Over the past eight years Michigan became one of the country’s top comeback states. Our state went from the highest unemployment rate to one of the lowest (currently 3.9% unemployment). We went from people leaving the state, to people moving in.
In the residential construction sector, we went from 7,775 single family permits pulled in 2010 to nearly 17,000 by the end of this year. We went from losing nearly 60,000 construction workers to now needing more than an estimated 15,000 ANNUALLY to fill the positions that will open in the 18 professional trades that the HBA of Michigan’s Skilled to Build Michigan Foundation tracks. Workforce challenges and other housing affordability issues are going to be at the forefront of elected leader’s minds (regardless of political party) as they come to the Capitol in January.
Politically speaking, Friends of Housing (the political arm of the HBA of Michigan), stepped up their fundraising among HBA members this past election cycle. We endorsed Republicans and Democrats in 90 races around the state in the General Election. We had an election night overall success rate of 86%. Those successes will help us as we prepare for the 2019/2020 legislative session.
So, what will the 100th legislative session look like? Because of term limits, and the outcome of the November elections, your government relations team will be working with an entirely new state government.
The new session begins with the official swearing in of statewide officials on January 1, 2019. Taking the oath that day will be Governor Elect Gretchen Whitmer (D), Attorney General Elect Dana Nessel (D), and Secretary of State Elect Jocelyn Benson (D). All new to the executive branch of government.
When the state Senate returns, 38 state senators will take the oath of office. Of those 38, 30 will be new to the state Senate, which maintained a Republican majority. When the state House returns, 110 state representatives will take the oath of office. Of those 110, 47 will be new to the state House, 41 will begin their second term, and 22 with begin their third and final term in the House. Republicans maintained majority in the House as well. So for the first time in eight years, Michigan will have a divided government.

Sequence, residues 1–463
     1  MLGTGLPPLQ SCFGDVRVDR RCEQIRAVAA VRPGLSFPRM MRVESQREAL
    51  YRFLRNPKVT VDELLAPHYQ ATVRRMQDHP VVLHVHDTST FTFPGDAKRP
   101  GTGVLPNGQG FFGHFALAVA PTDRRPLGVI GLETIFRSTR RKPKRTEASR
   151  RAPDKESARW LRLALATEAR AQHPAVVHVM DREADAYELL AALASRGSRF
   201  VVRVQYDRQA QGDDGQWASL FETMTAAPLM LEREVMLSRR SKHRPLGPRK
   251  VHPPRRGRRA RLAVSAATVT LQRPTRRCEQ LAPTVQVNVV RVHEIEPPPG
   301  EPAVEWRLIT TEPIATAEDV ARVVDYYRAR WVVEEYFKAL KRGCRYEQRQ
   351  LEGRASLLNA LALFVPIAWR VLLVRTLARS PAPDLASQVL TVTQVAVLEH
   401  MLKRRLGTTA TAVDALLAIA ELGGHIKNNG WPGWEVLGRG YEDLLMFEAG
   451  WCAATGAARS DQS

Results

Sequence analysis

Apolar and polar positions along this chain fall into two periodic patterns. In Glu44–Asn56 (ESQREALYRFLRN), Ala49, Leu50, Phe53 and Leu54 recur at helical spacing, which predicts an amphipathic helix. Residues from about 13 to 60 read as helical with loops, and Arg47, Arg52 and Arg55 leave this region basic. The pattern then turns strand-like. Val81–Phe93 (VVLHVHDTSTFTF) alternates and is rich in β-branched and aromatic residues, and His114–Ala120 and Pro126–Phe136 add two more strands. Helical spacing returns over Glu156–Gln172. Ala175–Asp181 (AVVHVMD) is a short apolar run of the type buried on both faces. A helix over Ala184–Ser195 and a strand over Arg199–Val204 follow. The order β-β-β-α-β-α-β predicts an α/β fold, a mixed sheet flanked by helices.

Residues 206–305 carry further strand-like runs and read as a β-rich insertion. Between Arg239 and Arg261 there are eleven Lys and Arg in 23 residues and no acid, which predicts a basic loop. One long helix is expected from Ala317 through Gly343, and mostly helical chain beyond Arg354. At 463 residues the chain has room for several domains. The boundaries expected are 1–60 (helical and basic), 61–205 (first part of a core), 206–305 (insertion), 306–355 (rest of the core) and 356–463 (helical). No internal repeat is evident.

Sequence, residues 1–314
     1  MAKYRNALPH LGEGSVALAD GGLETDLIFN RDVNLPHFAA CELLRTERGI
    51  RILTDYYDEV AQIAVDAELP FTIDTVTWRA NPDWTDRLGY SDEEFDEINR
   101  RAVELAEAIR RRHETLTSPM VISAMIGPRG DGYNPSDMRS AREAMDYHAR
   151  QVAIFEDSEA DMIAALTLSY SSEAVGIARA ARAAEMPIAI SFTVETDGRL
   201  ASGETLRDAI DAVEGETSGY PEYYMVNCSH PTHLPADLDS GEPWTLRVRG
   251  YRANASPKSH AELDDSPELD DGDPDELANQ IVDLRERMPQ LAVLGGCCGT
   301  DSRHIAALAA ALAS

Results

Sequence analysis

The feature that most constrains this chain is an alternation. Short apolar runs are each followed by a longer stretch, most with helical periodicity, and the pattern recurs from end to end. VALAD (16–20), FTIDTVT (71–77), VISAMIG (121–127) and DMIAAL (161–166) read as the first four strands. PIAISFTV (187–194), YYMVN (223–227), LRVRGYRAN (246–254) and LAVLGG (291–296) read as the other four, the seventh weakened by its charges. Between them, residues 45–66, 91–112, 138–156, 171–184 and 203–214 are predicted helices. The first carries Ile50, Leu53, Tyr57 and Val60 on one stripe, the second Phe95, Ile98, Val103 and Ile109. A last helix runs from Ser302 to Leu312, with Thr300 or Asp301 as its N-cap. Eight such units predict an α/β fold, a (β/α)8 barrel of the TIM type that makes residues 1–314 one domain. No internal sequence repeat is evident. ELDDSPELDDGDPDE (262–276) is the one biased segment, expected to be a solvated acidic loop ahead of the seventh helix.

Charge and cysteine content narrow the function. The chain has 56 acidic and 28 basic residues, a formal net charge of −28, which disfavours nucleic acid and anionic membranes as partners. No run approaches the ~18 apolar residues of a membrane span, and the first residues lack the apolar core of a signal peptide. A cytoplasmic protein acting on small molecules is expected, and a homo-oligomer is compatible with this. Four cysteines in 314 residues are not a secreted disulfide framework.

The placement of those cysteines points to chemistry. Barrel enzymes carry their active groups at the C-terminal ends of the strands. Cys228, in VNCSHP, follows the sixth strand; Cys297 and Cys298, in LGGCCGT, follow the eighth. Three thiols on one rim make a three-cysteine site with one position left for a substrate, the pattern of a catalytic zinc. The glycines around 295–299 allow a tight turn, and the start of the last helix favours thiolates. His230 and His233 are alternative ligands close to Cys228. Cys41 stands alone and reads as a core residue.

So what does all this change mean for the HBA of Michigan and your government relations team? Nothing really. We’ve historically worked well on both sides of the political aisle. We will continue to monitor and lobby on legislation, and with the assistance from the HBAM legislative committee, we will have a pro housing, pro-business legislative agenda for the next two years. We are committed to working on your behalf with legislators who support you and the residential construction industry, whether they be republicans or democrats.
What does that mean for you and your local HBA? Your government relations team will be asking you to have an aggressive legislative advocacy program locally. You will most likely have new representation for your region in Lansing, and you need to build relationships with these elected officials. We can assist you and will be looking to work with your local HBA to set up opportunities for dialogue with your local representatives. Stay on the lookout for these opportunities in the coming year and don’t ever hesitate to contact your team at the State Capitol if you have a question or want to lend a hand with our efforts. l